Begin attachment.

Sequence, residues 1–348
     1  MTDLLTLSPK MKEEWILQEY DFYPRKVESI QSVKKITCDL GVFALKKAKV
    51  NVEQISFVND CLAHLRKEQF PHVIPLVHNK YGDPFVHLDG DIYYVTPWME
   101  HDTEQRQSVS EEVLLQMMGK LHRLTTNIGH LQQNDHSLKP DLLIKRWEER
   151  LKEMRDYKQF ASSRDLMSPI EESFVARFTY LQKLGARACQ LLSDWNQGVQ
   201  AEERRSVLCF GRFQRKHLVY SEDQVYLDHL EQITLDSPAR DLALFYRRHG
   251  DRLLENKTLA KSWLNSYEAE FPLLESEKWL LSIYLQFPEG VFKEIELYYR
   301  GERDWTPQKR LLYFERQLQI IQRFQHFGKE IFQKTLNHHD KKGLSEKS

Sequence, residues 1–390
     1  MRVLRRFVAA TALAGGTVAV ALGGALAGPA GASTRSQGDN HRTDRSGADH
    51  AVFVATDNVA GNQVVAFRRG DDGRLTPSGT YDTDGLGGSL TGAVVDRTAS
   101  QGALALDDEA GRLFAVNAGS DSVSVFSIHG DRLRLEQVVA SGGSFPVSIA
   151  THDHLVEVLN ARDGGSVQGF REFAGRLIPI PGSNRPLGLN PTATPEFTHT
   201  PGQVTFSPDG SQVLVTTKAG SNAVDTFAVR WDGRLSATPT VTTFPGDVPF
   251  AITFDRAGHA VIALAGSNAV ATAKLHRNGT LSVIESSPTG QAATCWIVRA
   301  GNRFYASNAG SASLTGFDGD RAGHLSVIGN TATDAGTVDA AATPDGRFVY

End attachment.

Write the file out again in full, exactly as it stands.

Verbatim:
Sequence, residues 1–348
     1  MTDLLTLSPK MKEEWILQEY DFYPRKVESI QSVKKITCDL GVFALKKAKV
    51  NVEQISFVND CLAHLRKEQF PHVIPLVHNK YGDPFVHLDG DIYYVTPWME
   101  HDTEQRQSVS EEVLLQMMGK LHRLTTNIGH LQQNDHSLKP DLLIKRWEER
   151  LKEMRDYKQF ASSRDLMSPI EESFVARFTY LQKLGARACQ LLSDWNQGVQ
   201  AEERRSVLCF GRFQRKHLVY SEDQVYLDHL EQITLDSPAR DLALFYRRHG
   251  DRLLENKTLA KSWLNSYEAE FPLLESEKWL LSIYLQFPEG VFKEIELYYR
   301  GERDWTPQKR LLYFERQLQI IQRFQHFGKE IFQKTLNHHD KKGLSEKS

Sequence, residues 1–390
     1  MRVLRRFVAA TALAGGTVAV ALGGALAGPA GASTRSQGDN HRTDRSGADH
    51  AVFVATDNVA GNQVVAFRRG DDGRLTPSGT YDTDGLGGSL TGAVVDRTAS
   101  QGALALDDEA GRLFAVNAGS DSVSVFSIHG DRLRLEQVVA SGGSFPVSIA
   151  THDHLVEVLN ARDGGSVQGF REFAGRLIPI PGSNRPLGLN PTATPEFTHT
   201  PGQVTFSPDG SQVLVTTKAG SNAVDTFAVR WDGRLSATPT VTTFPGDVPF
   251  AITFDRAGHA VIALAGSNAV ATAKLHRNGT LSVIESSPTG QAATCWIVRA
   301  GNRFYASNAG SASLTGFDGD RAGHLSVIGN TATDAGTVDA AATPDGRFVY